Josephine Anwhistle's House is the primary setting of The Wide Window, the third novel of A Series of Unfortunate Events by Lemony Snicket. The house was owned by Josephine Anwhistle and her late husband Ike Anwhistle until its eventual destruction caused by Hurricane Herman.
The house is described as a small, boxy structure. The house, from the outside, appears to be several piles of boxy squares stuck together similar to ice cubes. They are attached to the hill by long metal stilts, similar to spider legs. Really only the front "square" is attached to the cliff, with a white door with peeling paint and a bit of a squeak when it opens and closes.
The inside includes a small pile of tin cans under every window as a makeshift burglar alarm. While each door has a doorknob, residents are instructed not to use them for fear they may explode. Due to her fears of electricity, the house tends to be incredibly cold and potentially drafty.
The dining room with a rarely-used telephone is beside the kitchen, which features an oven that is never turned on. There is mentioned to be a living room, with a sofa that Josephine is afraid would fall and crush her.
The guest room that was given to the Baudelaire children is a large, well-lit room with blank white walls and a plain blue carpet. Inside were placed two good-sized bed and one crib, each covered in a plain blue bedspread. At the foot of each bed is a large storage trunk. A large closet is opposite the beds, beside a small window.
Josephine's room is similarly decorated, with a small window looking out onto a hill, and a pile of new grammar books by the side of the bed. Beneath her bed are things she does not want to look at, such as pots and pans, socks "too ugly for human eyes," a framed photograph of Ike whistling, and a stack of books- The Tides of Lake Lachrymose, The Bottom of Lake Lachrymose, Lachrymose Trout, The History of the Damocles Dock Region, Ivan Lachrymose: Lake Explorer- which may have a hidden transcript of a Building Committee meeting inside of it- How Water Is Made, and A Lachrymose Atlas.
- Main article: Josephine Anwhistle's Library
The library is curved in the shape of an oval. One wall of it is made of bookshelves and glass bookcases, though every book is about grammar. In the middle of the room are comfortable chairs, each with its own footstool. The opposite wall of the oval is a floor-to-ceiling window, "an enormous curved pane of glass." Behind it is an amazing view of Lake Lachrymose.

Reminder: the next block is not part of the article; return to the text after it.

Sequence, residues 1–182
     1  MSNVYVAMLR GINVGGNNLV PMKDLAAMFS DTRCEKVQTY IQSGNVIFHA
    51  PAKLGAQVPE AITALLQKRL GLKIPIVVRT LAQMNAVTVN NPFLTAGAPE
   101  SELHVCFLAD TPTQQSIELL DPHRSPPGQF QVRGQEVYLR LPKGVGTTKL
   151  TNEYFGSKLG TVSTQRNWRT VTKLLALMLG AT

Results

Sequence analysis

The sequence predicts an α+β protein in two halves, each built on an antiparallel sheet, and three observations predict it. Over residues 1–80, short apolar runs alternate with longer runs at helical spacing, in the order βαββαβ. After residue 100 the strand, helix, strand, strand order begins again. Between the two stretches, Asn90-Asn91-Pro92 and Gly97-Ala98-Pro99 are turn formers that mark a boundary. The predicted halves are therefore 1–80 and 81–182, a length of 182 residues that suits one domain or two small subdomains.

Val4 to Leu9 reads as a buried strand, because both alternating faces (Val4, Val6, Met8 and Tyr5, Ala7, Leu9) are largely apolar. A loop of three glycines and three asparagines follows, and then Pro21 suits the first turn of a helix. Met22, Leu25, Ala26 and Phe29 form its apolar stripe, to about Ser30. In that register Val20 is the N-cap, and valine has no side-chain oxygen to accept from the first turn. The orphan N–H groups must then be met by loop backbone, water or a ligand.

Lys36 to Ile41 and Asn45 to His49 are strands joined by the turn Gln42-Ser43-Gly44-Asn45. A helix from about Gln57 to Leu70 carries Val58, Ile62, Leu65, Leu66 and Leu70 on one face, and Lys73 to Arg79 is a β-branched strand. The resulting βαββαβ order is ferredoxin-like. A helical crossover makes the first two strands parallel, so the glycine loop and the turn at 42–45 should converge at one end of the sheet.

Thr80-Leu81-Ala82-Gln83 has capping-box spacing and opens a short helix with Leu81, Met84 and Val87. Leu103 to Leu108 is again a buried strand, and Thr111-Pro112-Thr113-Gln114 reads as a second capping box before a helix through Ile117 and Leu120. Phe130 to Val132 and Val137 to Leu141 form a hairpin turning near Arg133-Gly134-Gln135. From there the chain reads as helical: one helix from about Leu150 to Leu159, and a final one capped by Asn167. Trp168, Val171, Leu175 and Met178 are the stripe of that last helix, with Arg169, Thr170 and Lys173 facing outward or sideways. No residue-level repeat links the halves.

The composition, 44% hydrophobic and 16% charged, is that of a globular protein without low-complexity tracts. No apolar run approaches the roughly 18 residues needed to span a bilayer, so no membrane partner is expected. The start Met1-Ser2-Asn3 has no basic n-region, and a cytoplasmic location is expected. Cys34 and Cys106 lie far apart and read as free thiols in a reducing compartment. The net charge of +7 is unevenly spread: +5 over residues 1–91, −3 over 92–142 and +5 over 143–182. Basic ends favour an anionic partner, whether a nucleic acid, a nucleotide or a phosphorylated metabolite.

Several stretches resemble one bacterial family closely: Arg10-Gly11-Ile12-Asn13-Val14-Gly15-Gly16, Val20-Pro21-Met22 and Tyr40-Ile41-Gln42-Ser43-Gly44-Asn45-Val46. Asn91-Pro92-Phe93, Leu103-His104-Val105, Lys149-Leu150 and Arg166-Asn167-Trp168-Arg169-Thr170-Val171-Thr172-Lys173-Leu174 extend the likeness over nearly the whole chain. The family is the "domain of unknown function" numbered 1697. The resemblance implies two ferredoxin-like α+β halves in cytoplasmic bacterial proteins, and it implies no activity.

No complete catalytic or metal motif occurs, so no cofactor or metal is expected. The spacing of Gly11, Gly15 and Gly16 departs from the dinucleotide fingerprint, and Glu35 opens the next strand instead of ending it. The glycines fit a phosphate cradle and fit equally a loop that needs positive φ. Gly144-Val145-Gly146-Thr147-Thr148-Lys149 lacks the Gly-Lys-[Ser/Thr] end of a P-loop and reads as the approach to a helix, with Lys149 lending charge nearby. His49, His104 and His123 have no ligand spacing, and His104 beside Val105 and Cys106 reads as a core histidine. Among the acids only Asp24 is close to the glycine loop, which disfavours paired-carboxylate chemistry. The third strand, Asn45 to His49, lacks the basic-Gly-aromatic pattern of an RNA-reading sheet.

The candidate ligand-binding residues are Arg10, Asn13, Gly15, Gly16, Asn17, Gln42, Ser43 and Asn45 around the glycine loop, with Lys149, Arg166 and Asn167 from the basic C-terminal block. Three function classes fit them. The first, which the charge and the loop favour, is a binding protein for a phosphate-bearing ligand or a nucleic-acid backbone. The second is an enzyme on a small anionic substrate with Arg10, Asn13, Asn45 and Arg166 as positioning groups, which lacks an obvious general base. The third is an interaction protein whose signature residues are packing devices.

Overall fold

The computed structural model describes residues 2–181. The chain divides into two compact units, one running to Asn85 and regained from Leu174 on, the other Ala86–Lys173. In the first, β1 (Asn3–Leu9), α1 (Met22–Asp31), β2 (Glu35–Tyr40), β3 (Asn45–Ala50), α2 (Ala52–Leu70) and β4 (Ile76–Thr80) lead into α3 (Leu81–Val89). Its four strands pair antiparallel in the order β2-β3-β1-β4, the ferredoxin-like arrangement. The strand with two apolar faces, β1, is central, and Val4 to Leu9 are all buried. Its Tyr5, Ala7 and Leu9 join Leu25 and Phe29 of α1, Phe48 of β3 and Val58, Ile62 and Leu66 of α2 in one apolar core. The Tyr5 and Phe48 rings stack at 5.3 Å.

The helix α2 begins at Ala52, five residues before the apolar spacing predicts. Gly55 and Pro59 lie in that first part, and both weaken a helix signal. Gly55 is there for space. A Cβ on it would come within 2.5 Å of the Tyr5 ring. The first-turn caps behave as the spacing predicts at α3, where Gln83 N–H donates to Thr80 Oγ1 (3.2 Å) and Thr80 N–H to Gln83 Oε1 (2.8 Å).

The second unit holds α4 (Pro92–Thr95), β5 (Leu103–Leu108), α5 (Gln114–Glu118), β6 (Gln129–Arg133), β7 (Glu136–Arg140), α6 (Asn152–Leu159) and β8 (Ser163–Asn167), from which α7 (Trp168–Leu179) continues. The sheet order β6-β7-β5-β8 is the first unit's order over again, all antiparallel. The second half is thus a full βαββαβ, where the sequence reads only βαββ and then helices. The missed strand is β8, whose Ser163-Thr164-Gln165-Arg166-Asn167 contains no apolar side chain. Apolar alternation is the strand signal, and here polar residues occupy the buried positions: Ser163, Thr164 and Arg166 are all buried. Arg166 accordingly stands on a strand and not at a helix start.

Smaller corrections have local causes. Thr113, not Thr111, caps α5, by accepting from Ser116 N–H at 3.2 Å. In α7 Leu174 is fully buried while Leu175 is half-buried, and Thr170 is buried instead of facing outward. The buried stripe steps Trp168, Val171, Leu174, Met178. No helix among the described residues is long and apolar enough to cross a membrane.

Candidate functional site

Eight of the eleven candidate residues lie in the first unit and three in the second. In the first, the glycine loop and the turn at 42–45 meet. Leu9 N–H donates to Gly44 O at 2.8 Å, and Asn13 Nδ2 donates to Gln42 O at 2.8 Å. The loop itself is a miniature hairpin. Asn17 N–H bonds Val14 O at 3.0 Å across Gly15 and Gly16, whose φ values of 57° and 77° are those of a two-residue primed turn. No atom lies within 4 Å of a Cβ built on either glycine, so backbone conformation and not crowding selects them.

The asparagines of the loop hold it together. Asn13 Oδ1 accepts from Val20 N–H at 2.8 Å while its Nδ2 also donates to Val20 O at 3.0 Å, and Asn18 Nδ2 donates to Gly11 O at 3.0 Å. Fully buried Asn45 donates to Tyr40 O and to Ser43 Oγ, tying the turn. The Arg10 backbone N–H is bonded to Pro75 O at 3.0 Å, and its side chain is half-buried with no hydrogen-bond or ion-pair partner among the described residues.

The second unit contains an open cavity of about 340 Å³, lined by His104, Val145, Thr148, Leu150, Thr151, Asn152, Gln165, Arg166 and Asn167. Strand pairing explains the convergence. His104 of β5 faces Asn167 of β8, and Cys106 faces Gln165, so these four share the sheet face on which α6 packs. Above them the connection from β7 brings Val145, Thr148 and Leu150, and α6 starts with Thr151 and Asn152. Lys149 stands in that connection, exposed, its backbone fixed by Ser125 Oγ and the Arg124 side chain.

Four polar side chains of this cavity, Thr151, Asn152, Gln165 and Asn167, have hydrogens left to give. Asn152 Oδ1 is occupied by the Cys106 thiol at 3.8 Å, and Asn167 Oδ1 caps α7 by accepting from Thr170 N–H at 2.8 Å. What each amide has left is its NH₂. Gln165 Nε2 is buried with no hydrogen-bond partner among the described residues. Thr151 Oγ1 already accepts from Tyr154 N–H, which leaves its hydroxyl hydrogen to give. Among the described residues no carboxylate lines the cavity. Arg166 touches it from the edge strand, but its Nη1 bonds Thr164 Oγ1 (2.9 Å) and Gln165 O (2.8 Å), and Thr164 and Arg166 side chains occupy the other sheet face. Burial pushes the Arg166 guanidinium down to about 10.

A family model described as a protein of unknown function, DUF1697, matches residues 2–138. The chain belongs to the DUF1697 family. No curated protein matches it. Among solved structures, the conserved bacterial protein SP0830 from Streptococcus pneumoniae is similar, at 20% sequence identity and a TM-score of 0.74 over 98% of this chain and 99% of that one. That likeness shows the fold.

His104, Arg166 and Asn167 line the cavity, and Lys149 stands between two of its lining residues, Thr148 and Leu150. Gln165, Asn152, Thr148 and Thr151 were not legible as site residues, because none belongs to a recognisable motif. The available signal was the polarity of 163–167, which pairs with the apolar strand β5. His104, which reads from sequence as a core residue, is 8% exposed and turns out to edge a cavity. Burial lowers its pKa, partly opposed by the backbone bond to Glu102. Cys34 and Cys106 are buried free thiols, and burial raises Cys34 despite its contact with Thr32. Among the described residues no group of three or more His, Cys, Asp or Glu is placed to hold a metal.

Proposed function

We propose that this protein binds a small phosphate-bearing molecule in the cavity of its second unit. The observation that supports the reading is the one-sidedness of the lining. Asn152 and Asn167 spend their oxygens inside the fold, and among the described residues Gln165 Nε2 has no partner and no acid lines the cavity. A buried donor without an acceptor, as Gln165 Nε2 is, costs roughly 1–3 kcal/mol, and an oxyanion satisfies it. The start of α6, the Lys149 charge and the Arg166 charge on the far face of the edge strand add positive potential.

In the film, nearly all of the house is over the cliff. Some of the stilts also survive the hurricane damage long enough to trap the Baudelaire children, where Violet Baudelaire had to invent a way for them to reach the cliff.
Unlike the film, the house is depicted as mainly on the cliff, with only the library hanging over.
While in the books it is unknown whether or not the house was built or purchased by the Anwhistle Family, the Netflix adaptation makes the claim that it was built by a more adventurous Josephine and Ike.
Josephine and Ike lived together in the house, but after Ike's death Josephine rarely left it. She opened her home to the Baudelaires, but it unfortunately collapsed during Hurricane Herman. Several books and files were saved by Captain Widdershins and Fiona during the storm.
The destruction of the house is presented differently in each adaptation. In the book canon, the wind knocks the house around roughly, and a piece of the ceiling comes off, causing it to flood. The children manage to rush out the front door in the freezing rain before the entire building falls into the lake.
In the film, the destruction of the house is framed in a way that shows all of Josephine's "irrational" fears coming true as the library collapses. For example, the refrigerator falls towards the children, almost crushing them flat, and the doorknobs explode after a lighter hits near it.
The Netflix series takes the opposite approach, where everything that Josephine considered safe ends up endangering the children. The library falls, pummeling the children with her grammar books, and the limes she purchased fall and push the house over the edge.
- In the film adaptation, there is a sign near it that asks, "DOES ANYONE KNOW YOU ARE GOING THIS WAY?"
- Violet Baudelaire mentions in The Miserable Mill that if she obtained the Baudelaire Fortune, she would like to build an inventing studio for herself, potentially over Lake Lachrymose where Aunt Josephine's house used to be so she could be remembered.